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UMMA exhibits showcase a spectrum of art

While walking around the University of Maine Museum of Art (UMMA) one can expect to find the works of Jack Balas and Keliy Anderson-Staley among the four exhibitions currently on display. Through drastically different media, these artists focus on the intimacy evoked by the captured essence of mankind.

Both Balas and Anderson-Staley’s works force their audiences to look at themselves through depictions of strangers. While Anderson-Staley celebrates her subjects’ differences, Balas provokes thought through his subjects’ similarities.

Anderson-Staley, originally from Maine, is a Houston-based photographer. Her work is featured in two of the current UMMA exhibitions, entitled “Tintype Portraits” and “Traces.” By using 19th-century chemical recipes, period brass lenses and wooden view cameras, Anderson-Staley plays a key role in keeping the tintype art form alive.

Her wet plate collodion tintypes and ambrotypes are on permanent collection in the Library of Congress, Portland Museum of Art, Museum of Fine Arts-Houston and Cedar Rapids Museum of Art. Her solo exhibition, “Tintype Portraits,” is a collection of photos from her series “[Hyphen] Americans.”

Arranged on the wall like the collection of family photos hung in your grandparents’ house, “Tintype Portraits” is a collection of faces from across the nation. Highlighting people of every race, gender and background, the collection feels like a celebration of our nation’s differences and how they bring us together.

“Each individual in this series, identified only by a first name, defiantly asserts his or her selfhood, resisting any imposed or external categorizing system we might bring to these images,” Anderson-Staley said in her artist’s statement.

Anderson-Staley gives her audience the intimate experience of staring into the eyes of a stranger, while having no other influences affecting their perception. Geoffrey Batchen, an author and professor of photography history and contemporary art, articulated the power of her work in an issue of “Contact Sheet,” a catalogue of works of various artists produced by Light Work Annual, an artist-run, non-profit organization.

“Perhaps that is what is most striking about these pictures: The people portrayed still appear to be growing into them, still seem in the process of becoming themselves. In this way, Anderson-Staley’s work transcends the undoubted curiosity value of her chosen medium,” Batchen said in an artist’s statement. “Before they are tintypes, these pictures are portraits, portraits of contemporary Americans. As such, they raise the whole question of photographic portraiture, of what exactly can be deduced about an otherwise unknown person from a mere picture of his or her face.”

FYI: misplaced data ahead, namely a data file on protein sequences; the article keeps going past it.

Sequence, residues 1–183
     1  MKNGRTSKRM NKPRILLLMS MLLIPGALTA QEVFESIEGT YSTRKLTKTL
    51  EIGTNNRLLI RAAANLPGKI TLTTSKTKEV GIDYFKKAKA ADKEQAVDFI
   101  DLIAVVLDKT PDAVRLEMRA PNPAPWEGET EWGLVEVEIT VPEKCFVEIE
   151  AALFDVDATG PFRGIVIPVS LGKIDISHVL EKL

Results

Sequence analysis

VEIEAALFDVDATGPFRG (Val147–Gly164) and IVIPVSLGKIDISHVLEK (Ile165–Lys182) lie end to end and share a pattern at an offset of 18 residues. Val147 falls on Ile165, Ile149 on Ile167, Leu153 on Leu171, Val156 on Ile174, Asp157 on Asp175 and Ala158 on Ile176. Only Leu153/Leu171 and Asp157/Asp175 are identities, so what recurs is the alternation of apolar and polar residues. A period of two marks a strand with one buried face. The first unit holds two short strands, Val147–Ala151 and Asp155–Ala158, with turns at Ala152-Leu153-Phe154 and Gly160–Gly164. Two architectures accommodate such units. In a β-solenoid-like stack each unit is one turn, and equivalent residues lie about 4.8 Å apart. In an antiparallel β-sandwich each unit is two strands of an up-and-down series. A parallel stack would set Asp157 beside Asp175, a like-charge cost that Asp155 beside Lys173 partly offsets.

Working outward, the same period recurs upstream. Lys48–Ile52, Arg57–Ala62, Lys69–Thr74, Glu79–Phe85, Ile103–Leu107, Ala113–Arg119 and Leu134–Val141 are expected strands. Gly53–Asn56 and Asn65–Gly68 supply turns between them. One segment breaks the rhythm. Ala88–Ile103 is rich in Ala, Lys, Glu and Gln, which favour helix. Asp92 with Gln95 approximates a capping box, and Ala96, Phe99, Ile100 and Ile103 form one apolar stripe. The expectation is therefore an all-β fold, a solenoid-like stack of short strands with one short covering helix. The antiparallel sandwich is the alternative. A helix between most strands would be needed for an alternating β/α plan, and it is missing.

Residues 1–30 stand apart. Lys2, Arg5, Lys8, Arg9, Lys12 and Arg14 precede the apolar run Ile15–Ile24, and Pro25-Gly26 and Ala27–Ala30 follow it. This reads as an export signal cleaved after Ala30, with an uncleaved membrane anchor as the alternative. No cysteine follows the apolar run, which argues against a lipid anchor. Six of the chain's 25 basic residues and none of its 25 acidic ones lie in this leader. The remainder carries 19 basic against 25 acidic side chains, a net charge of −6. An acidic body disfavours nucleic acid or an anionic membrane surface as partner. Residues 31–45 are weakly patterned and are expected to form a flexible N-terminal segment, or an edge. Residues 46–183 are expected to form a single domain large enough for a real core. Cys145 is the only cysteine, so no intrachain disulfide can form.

In the exhibition “Maine and Again,” Balas depicts a diverse collection of young men who epitomise the immortality of youth through their age, physicality and dangerously adventurous intentions.

According to the UMMA reflection on the exhibition, “These images of idealized masculinity celebrate the virility and wished-for invincibility of youth. Balas’ male subjects, at this particular stage of their lives, are full of desires, confidence, and hope. They possess an optimism and vitality as yet unfettered by the pressures of life.”

Balas uses watercolor, oil and ink to create his work. The sizes range anywhere from small compositions to multi-paneled paper pieces, as well as several larger canvases. On many of his pieces, he has scribbled notes in ink which give the audience even more insight into his thoughts and feelings during the captured moment.

“When I started painting way back in high school, it was with watercolors. I’ve always loved the transparency and working on paper, with the white shining through,” Balas said. “I’ve always loved looking at maps, and historic photos that have annotations. So treating the paintings like documents was making sense somehow, like diaries — adding a personal or historic or literary dimension.”

For the last 20 years, Balas’ work has been focused on the intimate depictions of men portrayed in “Maine and Again.” In addition to many recently completed pieces, woven through his 40 featured works, we gain insight into the adventures Balas had in Maine during the ’70s. Hidden themes of Maine landscapes, his experience meeting Andrew Wyeth, hiking to the summit of Mt. Katahdin and many other recognizable elements of Maine can be found in his pieces. As Balas reflects on his personal history, he hopes to evoke bigger thoughts from his audience. \

“I certainly want to give people something to think about, to provide images that can be thoughtful and philosophic and metaphoric, and go beyond what some might consider eye-candy. To deal with vulnerability, at the same time that these guys project attitudes of invincibly; to show intelligence when some might assign them only some meathead quotient,” Balas said. “But beyond the initial hook of unexpected male imagery, I hope everyone, men and women, can espouse some of the transcendent qualities I see in many people and try to embed in the work — things that affirm the incomprehensible beauty and wonder of life. No small task, but I love what I do.”  

The exhibitions of Balas and Anderson-Staley will remain on display at the UMMA until Dec. 22. UMMA is open from Tuesday through Saturday, 10 a.m. to 5 p.m. with free admission.

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